The History of Digital Art for Crypto Explorers

60s–70s Part I: Pioneers of Computer Art

Artists Who Made an Impact in the History of Digital Art

The 1960s and 1970s play a significant role in the history of digital art. During that time art started to intersect with technology and artists began experimenting with computers, often in collaboration with engineers. While not a comprehensive list of artists, this post aims to shed light on some of those who left a strong impact in the development of digital art, including Georg Nees, Frieder Nake, Kenneth Knowlton and Leon Harmon.


GEORG NEES

Georg Nees (1926-2016) was a German mathematician and academic. He studied mathematics, physics and philosophy. He was the first person to publicly show art that was generated by a computer - computer art, which is today generally called digital art, generative art and in his specific case we would refer it as algorithmic art.

Georg Nees, Schotter,  Computer-generated image, lithograph on paper, 1968-1970. Given by the Computer Arts Society, supported by System Simulation Ltd, London, Copyright © Victoria and Albert Museum, London [1]
Georg Nees, Schotter, Computer-generated image, lithograph on paper, 1968-1970. Given by the Computer Arts Society, supported by System Simulation Ltd, London, Copyright © Victoria and Albert Museum, London [1]
Georg Nees, 23-Ecke (Polygon of 23 vertices), 1964, Source: Compart [2]
Georg Nees, 23-Ecke (Polygon of 23 vertices), 1964, Source: Compart [2]
Georg Nees, Screenprint on paper, mounted on board, 1970, Given by the Computer Arts Society, supported by System Simulation Ltd, London, Copyright © Victoria and Albert Museum, London [3]
Georg Nees, Screenprint on paper, mounted on board, 1970, Given by the Computer Arts Society, supported by System Simulation Ltd, London, Copyright © Victoria and Albert Museum, London [3]
FRIEDER NAKE

Frieder Nake (b.1938) is a German mathematician, computer scientist, regarded as one of the pioneers of computer art. In the 1960s he created an algorithm to explore Paul Klee’s use of vertical and horizontal lines. His source of inspiration was Klee’s 1929 painting Highroads and Byroads. Nake's ultimate goal was not that of creating an exact reproduction of Klee's artwork. He rather explored ideas about possible algorithmic art forms.

As pointed out by The Victoria & Albert Museum:

Nake defined the parameters for the computer and the pen plotter to draw […] He then deliberately wrote random variables into the program which allowed the computer to make choices of its own, based on probability theory.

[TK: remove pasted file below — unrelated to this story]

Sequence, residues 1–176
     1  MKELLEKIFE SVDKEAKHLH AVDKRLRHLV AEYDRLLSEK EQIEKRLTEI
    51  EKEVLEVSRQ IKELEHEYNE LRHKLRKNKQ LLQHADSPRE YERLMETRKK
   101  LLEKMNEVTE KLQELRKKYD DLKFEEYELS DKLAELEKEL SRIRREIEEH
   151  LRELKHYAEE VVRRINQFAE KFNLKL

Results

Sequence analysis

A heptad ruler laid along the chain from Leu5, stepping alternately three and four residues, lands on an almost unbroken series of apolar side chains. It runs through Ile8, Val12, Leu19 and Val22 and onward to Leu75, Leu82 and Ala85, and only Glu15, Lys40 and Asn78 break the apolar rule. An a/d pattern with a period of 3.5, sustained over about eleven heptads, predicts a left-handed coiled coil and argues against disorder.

Frieder Nake, Hommage à Paul Klee, 13/9/65 Nr.2, Copyright © Victoria and Albert Museum, London [4]
Frieder Nake, Hommage à Paul Klee, 13/9/65 Nr.2, Copyright © Victoria and Albert Museum, London [4]
Photograph of a plotter drawing, 'Random Polygons', by Frieder Nake, 1964. Given by the American Friends of the V&A through the generosity of Patric Prince, Copyright © Victoria and Albert Museum, London [5]
Photograph of a plotter drawing, 'Random Polygons', by Frieder Nake, 1964. Given by the American Friends of the V&A through the generosity of Patric Prince, Copyright © Victoria and Albert Museum, London [5]
Frieder Nake, Walk-Through-Raster, 1967,  Copyright © Victoria and Albert Museum, London [6]
Frieder Nake, Walk-Through-Raster, 1967, Copyright © Victoria and Albert Museum, London [6]
KEN KNOWLTON and LEON HARMON

Ken Knowlton (b.1931) is an artist, mosaicist, portraitist and a computer graphics pioneer. He used to work at Bell Labs. Leon Harmon (1922-1983) was a researcher in mental/neural processing. In 1966 Knowlton and Harmon experimented with photomosaic and made the first experiment to scan a photograph into a computer, recreating it with a different range of grey generated by mathematical and electronic symbols. Their famous image of a reclining nude is what Knowlton and Harmon defined as "computer-processed creatures".

Ken Knowlton and Leon Harmon, Computer Nude (Studies in Perception I), 1967, silkscreen print, Collection Albright-Knox Art Gallery, Buffalo, New York, © Estate of Leon Harmon / Ken Knowlton [7]
Ken Knowlton and Leon Harmon, Computer Nude (Studies in Perception I), 1967, silkscreen print, Collection Albright-Knox Art Gallery, Buffalo, New York, © Estate of Leon Harmon / Ken Knowlton [7]
E.A.T

Experiments in Art and Technology (E.A.T.) was a collective set up in 1967 in New York to foster collaborations between artists and engineers. This organisation was originally founded by engineers Billy Klüver and Fred Waldhauer, and artists Robert Rauschenberg and Robert Whitman. It gave rise to installations and performances incorporating new technologies.

Experiments in Art and Technology (E.A.T.), Source: Digicult [8]
Experiments in Art and Technology (E.A.T.), Source: Digicult [8]
ALLAN KAPROW

E.A.T served as a source of inspiration for many artists who continued to explore the intersection between art and technology. In 1969 American artist Allan Kaprow (1927-2006) created his famous artistic TV happening, an interactive experience between groups of people and television technologists.

Alan Kaprow, Hello, 1969, Source: Ecology of Intimacy [9]
Alan Kaprow, Hello, 1969, Source: Ecology of Intimacy [9]

[1] [2] [3] [4] [5] [6] [7] [8] [9]

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Continue learning about the History of Digital Art for Crypto Explorersread next post 60s and 70s part II

Read previous post about 1950s: How it All Started, The Origin of Computer Art

*This article is for non-profit educational purposes. We do not represent or work with any of the featured artists. The copyright of all images belong to their authors. We aim to contribute to the research in the field of digital art and hope our readers will find this article beneficial to their learning.

11 May 20
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